THE LIVING DEAD by John Willis  Berry Jr.

THE LIVING DEAD

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KIRKUS REVIEW

A posthumously published memoir written in the 1960s by a mentally ill African-American man who grew up in Mississippi during the Great Depression and later migrated to Michigan and Ohio.

Readers may want to start with this book’s afterword, which offers the late author’s granddaughter’s explanation that “He was sick, and he was delusional. He committed horrible crimes. And he believed that he was the Messiah. And help was not available to him as a poor black man.” Berry begins his story by recounting his first year in school, around 1930, during which he was frequently teased and bullied by both white and black children: “I had light-colored skin, like that of my mother, and it was this factor that opened a new door to another hell of color for me,” he writes. Quickly, he moves his memoir forward to when he was 11, lying down under a tree, contemplating the multitude of injustices in the world: “So I just lay there thinking until I thought I fell asleep, but was to realize later that I had died instead, and saw that I was in the midst of a world of water, which was moving back and forth.” What follows are many other sometimes-poetic, often rambling pages describing his travels through water, sky, and time; then Berry “returns” home after what feels like many years, confused and disoriented. The author offers no explanation for this passage of time, and from this point on, Berry says that he’s convinced he’s both dead and alive. However, there’s a disarming lucidity to his prose when he depicts his later life in Detroit. He marries, has children, and holds down three jobs at once—until he attempts to kill his wife. However, other than the facts of his marriage and his children, it’s impossible for readers to know which parts of the memoir are true and which are purely delusions. Overall, it’s a dark and disturbing, if difficult-to-follow, journey through the mind of a man who was both kind and dangerous and who suffered a lifetime of untreated illness.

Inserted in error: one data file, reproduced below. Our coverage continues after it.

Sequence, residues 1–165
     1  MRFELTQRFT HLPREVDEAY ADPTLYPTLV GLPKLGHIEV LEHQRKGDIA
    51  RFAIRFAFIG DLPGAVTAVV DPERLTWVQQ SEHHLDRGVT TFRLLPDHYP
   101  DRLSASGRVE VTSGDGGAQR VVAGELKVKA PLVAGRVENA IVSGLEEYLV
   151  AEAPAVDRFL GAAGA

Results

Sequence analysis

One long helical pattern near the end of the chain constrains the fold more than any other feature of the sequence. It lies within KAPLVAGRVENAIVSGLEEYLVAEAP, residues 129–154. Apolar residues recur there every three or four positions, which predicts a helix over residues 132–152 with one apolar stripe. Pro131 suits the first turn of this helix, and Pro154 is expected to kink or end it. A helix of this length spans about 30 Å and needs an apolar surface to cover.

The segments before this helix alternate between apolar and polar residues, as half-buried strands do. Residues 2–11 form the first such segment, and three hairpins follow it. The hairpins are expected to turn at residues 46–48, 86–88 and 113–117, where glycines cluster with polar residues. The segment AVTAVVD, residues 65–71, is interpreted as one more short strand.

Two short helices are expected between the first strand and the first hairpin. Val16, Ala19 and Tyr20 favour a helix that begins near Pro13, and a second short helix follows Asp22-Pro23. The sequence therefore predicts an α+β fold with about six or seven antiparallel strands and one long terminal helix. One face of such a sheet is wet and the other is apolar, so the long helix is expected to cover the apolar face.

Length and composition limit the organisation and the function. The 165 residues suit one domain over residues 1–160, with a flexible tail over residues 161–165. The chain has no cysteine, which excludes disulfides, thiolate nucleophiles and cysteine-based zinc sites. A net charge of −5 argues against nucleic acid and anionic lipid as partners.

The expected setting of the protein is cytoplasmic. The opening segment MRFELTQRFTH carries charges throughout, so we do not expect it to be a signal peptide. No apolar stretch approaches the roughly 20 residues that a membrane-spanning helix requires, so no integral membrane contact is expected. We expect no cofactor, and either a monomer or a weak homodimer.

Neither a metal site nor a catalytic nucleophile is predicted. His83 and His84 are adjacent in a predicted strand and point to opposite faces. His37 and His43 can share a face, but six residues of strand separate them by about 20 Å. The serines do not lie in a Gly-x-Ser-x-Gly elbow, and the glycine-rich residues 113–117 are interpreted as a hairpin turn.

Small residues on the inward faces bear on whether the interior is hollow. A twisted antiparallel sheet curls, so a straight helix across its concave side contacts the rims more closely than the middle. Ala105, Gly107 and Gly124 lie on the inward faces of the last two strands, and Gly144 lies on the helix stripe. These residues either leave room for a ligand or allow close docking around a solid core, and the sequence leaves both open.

An unusual remembrance that presents the experience of mental illness from the inside.

Pub Date: Sept. 25th, 2017
ISBN: 978-1-976463-75-4
Page count: 224pp
Publisher: CreateSpace
Program: Kirkus Indie
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